Catching up with other matters (and with considerable thanks to a reader for helping me do so), the BBC engaged in some strange reporting this past week over Sir James Dyson's latest pronouncements over Brexit.
Sir James was and is, as you'll probably know, an enthusiast for the prospects of a post-Brexit Britain, but you wouldn't have known it from the BBC's initial reporting of his latest interviews.
Where Sky News was going with the headline UK should make a 'clean break' from EU, says James Dyson the BBC chose to go with Sir James Dyson expects no Brexit deal.
If you read the BBC and the Sky reports side-by-side I suspect you'll agree that the BBC was bringing the negatives to the fore, turning it into a 'bad news' story, while Sky was presenting Sir James's views much more in the round.
You'd think the BBC had an anti-Brexit bias from such reporting, wouldn't you?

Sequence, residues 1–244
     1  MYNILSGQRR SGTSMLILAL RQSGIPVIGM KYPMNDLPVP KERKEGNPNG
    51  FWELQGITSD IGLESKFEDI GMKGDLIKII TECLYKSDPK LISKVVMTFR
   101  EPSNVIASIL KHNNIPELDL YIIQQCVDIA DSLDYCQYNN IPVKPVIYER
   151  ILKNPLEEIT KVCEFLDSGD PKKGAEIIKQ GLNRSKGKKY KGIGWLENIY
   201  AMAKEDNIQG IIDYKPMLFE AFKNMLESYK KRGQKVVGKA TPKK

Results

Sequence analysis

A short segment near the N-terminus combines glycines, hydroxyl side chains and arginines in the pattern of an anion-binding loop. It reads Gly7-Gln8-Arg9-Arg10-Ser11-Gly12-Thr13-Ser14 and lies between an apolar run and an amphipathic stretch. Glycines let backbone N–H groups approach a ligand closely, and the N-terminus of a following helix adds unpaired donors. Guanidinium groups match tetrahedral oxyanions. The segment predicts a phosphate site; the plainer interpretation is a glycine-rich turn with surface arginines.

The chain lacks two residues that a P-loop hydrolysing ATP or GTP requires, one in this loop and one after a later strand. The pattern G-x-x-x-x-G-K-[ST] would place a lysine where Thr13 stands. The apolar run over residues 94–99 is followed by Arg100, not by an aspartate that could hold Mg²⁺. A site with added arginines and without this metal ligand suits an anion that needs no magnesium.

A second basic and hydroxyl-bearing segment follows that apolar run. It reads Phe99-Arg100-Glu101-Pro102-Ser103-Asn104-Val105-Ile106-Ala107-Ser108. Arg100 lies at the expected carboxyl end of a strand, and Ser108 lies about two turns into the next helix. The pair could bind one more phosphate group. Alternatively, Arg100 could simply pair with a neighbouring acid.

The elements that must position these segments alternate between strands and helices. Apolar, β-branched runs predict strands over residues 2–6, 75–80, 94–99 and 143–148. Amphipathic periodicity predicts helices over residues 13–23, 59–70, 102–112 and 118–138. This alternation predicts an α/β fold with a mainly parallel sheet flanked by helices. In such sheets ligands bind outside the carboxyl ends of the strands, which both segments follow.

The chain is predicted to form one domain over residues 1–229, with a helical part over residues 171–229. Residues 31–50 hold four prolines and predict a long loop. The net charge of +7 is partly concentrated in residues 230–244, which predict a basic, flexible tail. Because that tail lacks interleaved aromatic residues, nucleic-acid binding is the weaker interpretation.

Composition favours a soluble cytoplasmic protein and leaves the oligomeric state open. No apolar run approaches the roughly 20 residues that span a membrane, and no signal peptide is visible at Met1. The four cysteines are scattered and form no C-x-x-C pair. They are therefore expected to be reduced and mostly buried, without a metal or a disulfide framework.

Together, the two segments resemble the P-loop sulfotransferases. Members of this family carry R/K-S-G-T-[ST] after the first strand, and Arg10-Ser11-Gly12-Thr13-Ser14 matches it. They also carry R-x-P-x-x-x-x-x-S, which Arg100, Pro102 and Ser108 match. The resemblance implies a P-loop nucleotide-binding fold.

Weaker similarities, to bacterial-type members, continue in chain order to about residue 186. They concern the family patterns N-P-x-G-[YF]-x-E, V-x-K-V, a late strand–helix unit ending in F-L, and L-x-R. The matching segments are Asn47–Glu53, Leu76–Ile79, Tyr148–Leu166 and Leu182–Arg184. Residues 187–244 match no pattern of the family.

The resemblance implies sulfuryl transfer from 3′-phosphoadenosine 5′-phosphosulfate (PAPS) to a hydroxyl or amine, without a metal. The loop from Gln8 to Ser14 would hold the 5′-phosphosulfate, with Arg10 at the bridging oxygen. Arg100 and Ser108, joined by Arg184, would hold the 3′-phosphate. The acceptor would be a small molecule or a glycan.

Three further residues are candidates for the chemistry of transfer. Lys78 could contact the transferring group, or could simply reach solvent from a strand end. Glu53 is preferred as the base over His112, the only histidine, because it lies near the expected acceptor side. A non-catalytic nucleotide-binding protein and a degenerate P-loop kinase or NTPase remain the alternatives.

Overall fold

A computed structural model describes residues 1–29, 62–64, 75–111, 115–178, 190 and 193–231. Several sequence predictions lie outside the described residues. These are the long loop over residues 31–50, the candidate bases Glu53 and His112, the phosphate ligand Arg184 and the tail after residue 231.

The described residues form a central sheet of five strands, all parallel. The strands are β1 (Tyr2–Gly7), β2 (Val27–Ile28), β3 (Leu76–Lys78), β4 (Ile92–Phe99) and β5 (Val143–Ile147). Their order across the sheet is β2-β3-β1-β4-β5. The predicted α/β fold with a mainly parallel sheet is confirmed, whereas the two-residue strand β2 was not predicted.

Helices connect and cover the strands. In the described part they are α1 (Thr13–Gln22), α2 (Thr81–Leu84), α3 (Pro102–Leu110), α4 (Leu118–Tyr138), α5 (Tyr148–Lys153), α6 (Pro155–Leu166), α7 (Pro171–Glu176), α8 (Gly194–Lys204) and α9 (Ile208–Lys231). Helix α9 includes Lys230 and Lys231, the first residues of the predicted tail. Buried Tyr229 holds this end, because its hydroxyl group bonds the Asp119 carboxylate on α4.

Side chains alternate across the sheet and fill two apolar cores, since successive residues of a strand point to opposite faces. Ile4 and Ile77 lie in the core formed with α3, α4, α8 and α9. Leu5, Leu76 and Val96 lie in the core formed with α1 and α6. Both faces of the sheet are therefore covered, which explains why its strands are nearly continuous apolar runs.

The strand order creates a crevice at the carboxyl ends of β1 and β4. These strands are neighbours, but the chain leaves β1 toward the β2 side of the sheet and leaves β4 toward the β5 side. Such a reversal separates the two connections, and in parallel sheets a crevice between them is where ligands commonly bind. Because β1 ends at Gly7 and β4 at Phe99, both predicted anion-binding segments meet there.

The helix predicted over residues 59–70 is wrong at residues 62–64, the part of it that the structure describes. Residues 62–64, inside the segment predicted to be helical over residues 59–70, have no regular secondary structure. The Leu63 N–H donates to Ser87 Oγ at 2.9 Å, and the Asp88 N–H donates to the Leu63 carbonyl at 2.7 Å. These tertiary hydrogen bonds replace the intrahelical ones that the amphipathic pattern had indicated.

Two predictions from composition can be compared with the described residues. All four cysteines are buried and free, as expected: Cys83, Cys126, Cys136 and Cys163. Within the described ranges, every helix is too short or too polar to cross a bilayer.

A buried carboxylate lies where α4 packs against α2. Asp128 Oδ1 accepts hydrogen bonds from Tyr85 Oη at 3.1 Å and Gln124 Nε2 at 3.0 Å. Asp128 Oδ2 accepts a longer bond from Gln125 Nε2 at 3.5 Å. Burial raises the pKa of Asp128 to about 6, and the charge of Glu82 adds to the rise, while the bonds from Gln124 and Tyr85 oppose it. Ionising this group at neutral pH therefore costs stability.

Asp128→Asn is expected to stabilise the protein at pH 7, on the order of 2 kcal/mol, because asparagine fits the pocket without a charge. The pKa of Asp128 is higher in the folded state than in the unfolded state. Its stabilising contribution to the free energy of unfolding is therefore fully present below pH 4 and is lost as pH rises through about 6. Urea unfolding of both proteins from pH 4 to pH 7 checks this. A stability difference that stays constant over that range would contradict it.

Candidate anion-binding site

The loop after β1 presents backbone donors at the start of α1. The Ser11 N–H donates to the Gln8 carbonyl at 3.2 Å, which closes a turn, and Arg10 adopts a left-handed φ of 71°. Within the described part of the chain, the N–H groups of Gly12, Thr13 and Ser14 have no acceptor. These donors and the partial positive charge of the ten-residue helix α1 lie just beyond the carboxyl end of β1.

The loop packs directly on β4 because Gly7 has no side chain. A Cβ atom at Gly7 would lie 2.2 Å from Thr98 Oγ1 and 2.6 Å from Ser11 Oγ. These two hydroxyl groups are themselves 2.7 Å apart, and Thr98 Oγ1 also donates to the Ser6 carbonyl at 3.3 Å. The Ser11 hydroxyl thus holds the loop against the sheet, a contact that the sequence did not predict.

Yes, the thrust of Sir James's comments was that the EU are a smallish and stagnant market as far as his business is concerned. The traditional Commonwealth markets and countries with expanding economies such as China etc are driving a rapid expansion in demand for his products.ReplyDelete
With all pointers indicating that the UK economy has not suffered from the effects of Brexit to anything like the extent predicted in the BBC's doom-laden reporting since the referendum, Dyson's comments should be valued, not twisted to provide a counter narrative. I'm surprised he is prepared to speak to anyone from the BBC.
You can judge the extent of the BBC's biased narrative by comparing these two interviews with Sir James Dyson, this one as above, and an earlier one from March 2017:ReplyDelete
In the March 2017 article, he expresses exactly the same views - Then, Sir James said: "Europe's only 15% of the global market and the really fast-expanding markets are in the Far East".
How is it that the BBC won't dare to repeat their headline from March?
... Dyson 'enormously optimistic' about postBrexit trade.... Clearly, Sir James hasn't changed his view between March and September 2017 - so why would the BBC put such a negative slant to this recent news story.?
I think we all know - sour grapes.